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Fuels and Alternative Fuels Materials or substances that can be used as a fuel, waste oils, vegetable oils or animal fats, which can be used alone, or blended with fossil fuels.

Fuels and Alternative Fuels

Any use for "Old Bad Gas"


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  #21  
Old 01-18-2011, 08:06:45 PM
Bill Sherlock Bill Sherlock is offline
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Default Re: Any use for "Old Bad Gas"

Otto,

I'm guessing the gas that I referred to might have been up to a year old but probably less. It was in a plastic jerry can sitting in a heated shop. I know that you've never had a problem with ethanol gas but there's many more of us that have. With that kind of luck, maybe you should be buying lottery tickets.

Bill
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  #22  
Old 01-18-2011, 10:21:15 PM
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OTTO-Sawyer OTTO-Sawyer is offline
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Wink Re: Any use for "Old Bad Gas"

Or maybe with your bad luck with it, you should avoid the lottery tickets. I rarely ever buy them anyway, and when I do it's the odd combination having the Odometer roll over or have sequential numbers on a date with sequential numbers and/or have the gas pump stop on an even dollar amount. Several coincedences all lining up together like that will sometimes make me buy a ticket (even though I never win), just because if I don't I'll have 50 people telling me I should have.

I don't concider my experience with gas and/or ethanol to be lucky or unlucky, just everyday run of the mill events with nothing standing out, out of the ordinary.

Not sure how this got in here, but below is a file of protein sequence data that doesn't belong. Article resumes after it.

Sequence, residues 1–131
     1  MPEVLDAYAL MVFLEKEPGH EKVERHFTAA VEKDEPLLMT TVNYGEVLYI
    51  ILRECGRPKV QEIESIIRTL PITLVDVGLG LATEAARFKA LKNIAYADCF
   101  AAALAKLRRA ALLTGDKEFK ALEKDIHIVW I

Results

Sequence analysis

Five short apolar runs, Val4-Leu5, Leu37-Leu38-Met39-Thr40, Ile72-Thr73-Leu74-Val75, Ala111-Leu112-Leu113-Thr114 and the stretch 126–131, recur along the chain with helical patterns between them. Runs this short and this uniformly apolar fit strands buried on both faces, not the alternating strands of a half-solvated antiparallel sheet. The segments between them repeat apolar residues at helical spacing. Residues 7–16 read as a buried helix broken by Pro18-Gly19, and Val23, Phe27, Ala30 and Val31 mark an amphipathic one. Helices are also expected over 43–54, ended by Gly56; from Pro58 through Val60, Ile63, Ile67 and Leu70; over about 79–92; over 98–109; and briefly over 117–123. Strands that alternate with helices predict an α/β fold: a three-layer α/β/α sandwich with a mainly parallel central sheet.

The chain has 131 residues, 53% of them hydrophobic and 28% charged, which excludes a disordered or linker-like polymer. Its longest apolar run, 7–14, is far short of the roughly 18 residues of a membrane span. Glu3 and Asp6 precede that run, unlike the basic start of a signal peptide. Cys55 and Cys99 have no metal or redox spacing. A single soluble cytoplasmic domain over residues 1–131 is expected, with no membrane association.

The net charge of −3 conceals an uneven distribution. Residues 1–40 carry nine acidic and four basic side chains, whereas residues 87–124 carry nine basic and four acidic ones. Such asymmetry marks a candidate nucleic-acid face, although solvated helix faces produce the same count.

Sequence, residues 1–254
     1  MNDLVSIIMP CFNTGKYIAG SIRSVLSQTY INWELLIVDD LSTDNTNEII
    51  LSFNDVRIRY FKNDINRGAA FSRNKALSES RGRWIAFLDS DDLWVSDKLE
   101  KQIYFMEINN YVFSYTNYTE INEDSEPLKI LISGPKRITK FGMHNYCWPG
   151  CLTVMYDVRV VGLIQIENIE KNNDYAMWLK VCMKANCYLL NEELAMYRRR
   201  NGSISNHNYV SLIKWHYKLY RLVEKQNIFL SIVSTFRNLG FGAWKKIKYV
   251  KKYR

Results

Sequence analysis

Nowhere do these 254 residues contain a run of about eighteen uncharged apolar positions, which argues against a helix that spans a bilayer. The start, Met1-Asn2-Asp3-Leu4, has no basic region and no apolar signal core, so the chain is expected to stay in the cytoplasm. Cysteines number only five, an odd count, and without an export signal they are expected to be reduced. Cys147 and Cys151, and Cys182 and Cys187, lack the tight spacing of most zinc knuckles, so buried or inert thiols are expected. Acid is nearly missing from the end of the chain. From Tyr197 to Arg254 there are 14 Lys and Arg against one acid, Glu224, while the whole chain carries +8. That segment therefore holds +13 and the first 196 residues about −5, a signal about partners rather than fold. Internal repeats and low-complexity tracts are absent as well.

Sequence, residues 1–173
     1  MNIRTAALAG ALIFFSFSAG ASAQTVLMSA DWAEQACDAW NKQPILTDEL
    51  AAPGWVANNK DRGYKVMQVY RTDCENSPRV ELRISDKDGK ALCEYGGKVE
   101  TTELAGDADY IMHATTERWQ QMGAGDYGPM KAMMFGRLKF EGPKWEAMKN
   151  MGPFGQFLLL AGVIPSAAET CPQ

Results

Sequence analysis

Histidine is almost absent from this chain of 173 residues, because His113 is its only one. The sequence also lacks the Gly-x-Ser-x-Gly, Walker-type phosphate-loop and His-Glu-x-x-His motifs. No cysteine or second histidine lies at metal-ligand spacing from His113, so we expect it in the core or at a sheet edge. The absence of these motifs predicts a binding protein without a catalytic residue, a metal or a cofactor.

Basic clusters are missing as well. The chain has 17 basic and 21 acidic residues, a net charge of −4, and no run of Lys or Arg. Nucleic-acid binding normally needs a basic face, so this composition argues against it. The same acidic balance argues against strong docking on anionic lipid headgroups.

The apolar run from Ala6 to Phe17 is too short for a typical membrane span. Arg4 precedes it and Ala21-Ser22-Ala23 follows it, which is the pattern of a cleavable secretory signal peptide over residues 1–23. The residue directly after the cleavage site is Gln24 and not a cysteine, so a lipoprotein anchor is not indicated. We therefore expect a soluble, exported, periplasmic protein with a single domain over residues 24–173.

The Ethanol debate has been argued back & forth way too often already, but I know thousands more people that haven't had any problems than the few handful that have had. The one's that had a problem, even just once, will complain about it repeatedly for many years afterwards, where the ones that never had a problem don't bother to get involved in the debate. And a lot of those that complain about it (or hundreds of other things) are mearly repeating other peoples complaints even though they've never experienced any problems first hand.

You've apparently had quite a few personal bad experiences with Ethanol, and believe it or not, I do feel for you, but you're in a very small but highly vocal minority with it. Hopefully we can leave it with that, but if you feel you need to have the last word on it, I may concider stepping back and not bothering to reply again.... but, I'll have to wait and see what that last word is
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  #23  
Old 01-19-2011, 01:18:14 PM
KidDynamo KidDynamo is offline
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Default Re: Any use for "Old Bad Gas"

If your gas burns good in your engine, you don't have "bad gas". If you have 20 year old gas, you don't have gas like I just bought yesterday so the comparison is apples to oranges- moot point.

I keep finding lots of engines and gas tanks with gasoline in various stages of stale. I have a container that will go to the hazardous waste disposal site when I am ready. Seattle is way ahead of the curve on this: free disposal of non-commercial hazzardous waste.

When I've run across a tank with gas that seems okay, I will put a little in my '65 VW and try to burn it. No question, performance often drops immediately and often the car will not idle at all. Then I'll remember: I put a half gallon of that old gas in there.

Refill with clean gas and the trouble goes away. I've got about 10 gallons of stuff that is probably pretty old but smells almost okay. You are welcome to it. I live on a hill so make sure you are headed downhill when we put it in your tank because for this one, you will be on your own and parking is scarce.